Tuesday Roundup Fragrance Mini-Reviews, March 20, 2012

Here is the collection of mini-reviews for this week; I also wore a couple of new things that deserve their own full reviews, so come back on Friday for those.

Tiffany EdP – I snagged a 3ml carded mini of this off ebay, just to see what it was like.  I’ve seen the mini bottles go for prices higher than you’d think – people must have really liked this, though I don’t ever remember smelling it before.  My immediate thought is, Wow, somebody ripped off Karl Lagerfeld Chloe!  There’s a smidge of aldehydes, and a fruity note, and some nice white flowers.  I’m not going to swear that all the floral notes are natural, but enough of them are that it smells like flowers instead of floor cleaner (also, I know that this sample is 1990s).  It’s lovely.  It also reminds me in a small way of Ines de la Fressange, in its exuberant peachy-floral prettiness.  Tiffany has a much less forceful base than Chloe; it appears to be a nice sandalwoody thing instead of the mossy kitchen-sink drydown of Chloe.  It’s very attractive and very feminine.

Tom Ford Black Violet – I was all set to hate this.  I mean, Luca Turin’s review in Perfumes: The Guide was enticing mostly because it claims that Black Violet “tells a story.”  I have been since my early childhood a total sucker for a story, and I notice that all my most favoritest perfumes tell me stories, or take me somewhere, and I always want more of that.  But the descriptions I read on Fragrantica and Basenotes did nothing to encourage me to try it.  I blame Tarleisio (again. Seriously, that woman could write her way out of the Minotaur’s labyrinth if necessary) of The Alembicated Genie and her wonderful review.  I like the woody violet top, I like the woody middle, I like the sensation of darkness that I really do get from this scent.  It does head almost into Forbidden Youth Dew territory, so wearing Black Violet is a little like dressing up Goth for me – i.e., something I would never really do.  But it’s interesting.  If I had a full bottle, it would probably grow on me.  I don’t, and won’t: it’s really pricey. I don’t love it, but I’m glad it exists.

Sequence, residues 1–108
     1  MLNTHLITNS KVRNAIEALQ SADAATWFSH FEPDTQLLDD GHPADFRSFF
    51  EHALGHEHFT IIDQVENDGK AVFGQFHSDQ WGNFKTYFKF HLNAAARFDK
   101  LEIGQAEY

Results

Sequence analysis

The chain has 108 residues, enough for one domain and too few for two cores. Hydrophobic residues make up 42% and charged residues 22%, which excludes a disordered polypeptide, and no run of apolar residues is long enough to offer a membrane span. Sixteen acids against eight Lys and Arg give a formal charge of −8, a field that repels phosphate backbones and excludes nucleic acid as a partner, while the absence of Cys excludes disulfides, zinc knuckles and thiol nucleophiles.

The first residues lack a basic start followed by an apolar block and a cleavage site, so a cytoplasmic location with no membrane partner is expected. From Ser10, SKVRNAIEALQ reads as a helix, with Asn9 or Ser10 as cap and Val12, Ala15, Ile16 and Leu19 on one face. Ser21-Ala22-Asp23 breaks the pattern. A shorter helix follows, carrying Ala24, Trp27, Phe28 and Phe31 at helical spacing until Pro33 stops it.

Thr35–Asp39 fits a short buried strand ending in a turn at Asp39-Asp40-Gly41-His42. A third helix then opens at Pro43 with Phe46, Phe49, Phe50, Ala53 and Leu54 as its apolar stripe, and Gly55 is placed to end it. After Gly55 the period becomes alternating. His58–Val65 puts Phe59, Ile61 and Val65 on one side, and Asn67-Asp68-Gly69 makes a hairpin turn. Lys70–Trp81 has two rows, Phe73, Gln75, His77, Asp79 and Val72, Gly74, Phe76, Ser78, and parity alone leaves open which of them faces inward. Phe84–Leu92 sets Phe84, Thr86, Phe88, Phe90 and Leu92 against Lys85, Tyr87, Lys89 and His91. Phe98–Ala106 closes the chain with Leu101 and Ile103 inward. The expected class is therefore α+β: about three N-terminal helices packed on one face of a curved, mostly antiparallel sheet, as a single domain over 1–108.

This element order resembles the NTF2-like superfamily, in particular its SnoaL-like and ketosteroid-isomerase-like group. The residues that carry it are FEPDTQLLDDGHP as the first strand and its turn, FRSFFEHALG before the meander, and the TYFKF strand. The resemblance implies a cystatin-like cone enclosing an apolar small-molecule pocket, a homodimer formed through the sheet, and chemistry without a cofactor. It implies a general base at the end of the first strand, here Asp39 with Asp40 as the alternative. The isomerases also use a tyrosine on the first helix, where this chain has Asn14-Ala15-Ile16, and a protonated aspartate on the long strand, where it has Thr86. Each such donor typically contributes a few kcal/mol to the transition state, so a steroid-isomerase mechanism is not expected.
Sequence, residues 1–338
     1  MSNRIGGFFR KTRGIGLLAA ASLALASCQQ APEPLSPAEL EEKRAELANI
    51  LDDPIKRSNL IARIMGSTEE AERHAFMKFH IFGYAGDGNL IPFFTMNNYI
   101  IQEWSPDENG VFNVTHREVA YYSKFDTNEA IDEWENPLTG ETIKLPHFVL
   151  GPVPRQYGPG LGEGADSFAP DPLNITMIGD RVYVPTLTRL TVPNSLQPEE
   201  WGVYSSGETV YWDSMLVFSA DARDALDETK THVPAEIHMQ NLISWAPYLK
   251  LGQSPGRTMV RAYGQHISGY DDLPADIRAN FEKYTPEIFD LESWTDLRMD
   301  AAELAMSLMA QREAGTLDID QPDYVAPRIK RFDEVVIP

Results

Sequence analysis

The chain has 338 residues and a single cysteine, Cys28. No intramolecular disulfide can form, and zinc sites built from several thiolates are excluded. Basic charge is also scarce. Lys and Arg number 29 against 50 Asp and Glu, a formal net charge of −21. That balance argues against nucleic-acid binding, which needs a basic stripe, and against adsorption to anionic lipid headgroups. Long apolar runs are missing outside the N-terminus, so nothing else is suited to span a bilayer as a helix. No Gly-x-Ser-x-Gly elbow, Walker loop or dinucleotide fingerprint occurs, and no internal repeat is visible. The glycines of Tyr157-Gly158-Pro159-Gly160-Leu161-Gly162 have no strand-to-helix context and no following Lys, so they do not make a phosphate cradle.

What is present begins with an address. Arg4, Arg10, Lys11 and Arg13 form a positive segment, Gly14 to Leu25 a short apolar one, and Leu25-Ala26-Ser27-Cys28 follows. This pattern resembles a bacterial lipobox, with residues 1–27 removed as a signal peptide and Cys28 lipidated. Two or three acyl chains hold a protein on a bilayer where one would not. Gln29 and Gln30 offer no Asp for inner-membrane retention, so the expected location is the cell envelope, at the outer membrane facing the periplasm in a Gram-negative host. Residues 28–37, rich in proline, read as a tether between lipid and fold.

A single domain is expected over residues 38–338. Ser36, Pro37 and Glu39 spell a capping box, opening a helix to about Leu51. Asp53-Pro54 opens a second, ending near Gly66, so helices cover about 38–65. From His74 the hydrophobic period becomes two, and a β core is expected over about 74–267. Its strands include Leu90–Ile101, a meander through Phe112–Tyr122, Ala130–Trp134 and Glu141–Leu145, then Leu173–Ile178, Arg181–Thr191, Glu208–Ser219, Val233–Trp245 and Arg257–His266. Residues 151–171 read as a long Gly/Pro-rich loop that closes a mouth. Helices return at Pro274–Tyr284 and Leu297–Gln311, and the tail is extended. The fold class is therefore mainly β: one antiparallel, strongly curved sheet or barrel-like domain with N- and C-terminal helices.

Jennifer Aniston – okay, full disclosure: I kinda liked Jen on Friends.  I kinda liked Friends.  Did it make me want to look/be/dress/cut my hair like Jen? Nope.  And I was pretty snarked when this fragrance was being released and the ex-Mrs. Brad Pitt said that it wouldn’t smell like other perfumes which were too loud and inappropriate (Anais Anais, boo hiss, who in the world would wear something so perfumey?), it would be soft and smell clean… yeah, Jen, ’cause your perfume would be the only perfume in the world ever to smell clean… ahem.  (You can read my at-the-time snark here.) In any case, this is fairly nice.  I mean, it does smell cheap to me.  If there is real jasmine in the mix, it’s in ppm levels.  But it is not the non-perfume perfume I was dreading, and overall, up top it smells like a dab of Kai after you take a shower, followed by a nice beachy skin scent that is probably made up primarily of whatever material is known as “solar musk.”  Not awful at all, and if this were sold at Walgreen’s at under $40 a bottle, I’d recommend it.  It isn’t, so I won’t.


6 thoughts on “Tuesday Roundup Fragrance Mini-Reviews, March 20, 2012”

  1. I have not smelled Black Violet in a while (which I always confuse, name-wise, with Black Orchid), but when I first tried it, it reminded me of Sensuous Noir. That’s double the Estee Lauder connection!

    As for Jen Aniston, it has the kind of “jasmine” that reads to my nose as BANANA.

    1. It’s pretty definitely only a piece of jasmine, isn’t it? I mean, in terms of a synthetic note that only picks up a few of the aspects of real jasmine. There’s another one that smells of celery to me, and I just hate it – so I sympathize, although I don’t get strictly-banana out of this one.

      I was surprised to actually sort of like Black Violet. It didn’t have that Lauder thing that makes me nauseous, though.

      1. Yep, it’s a synthetic material used in jasmine accords — Victoria informed me once that it is benzyl acetate.

        What are some examples of perfumes that smell like celery to you?

        1. The biggie: Iris Ukiyoe, nuthin’ but celery… also, SSS “Classic,” before the final tweak or two and it became Nostalgie. There are others, but names are not coming to me at the moment.

          1. Interesting! I sometimes think vetiver smells like celery. I haven’t smelled that iris, and didn’t notice a celery note in the mods of Classic I tried, but sometimes it’s hard for me to pick out subtleties when I dab from a sample.

          2. Yes, vetiver too – though it can go earthy or salty or smoky as well, I guess depending on what variant is used and what it’s paired with.

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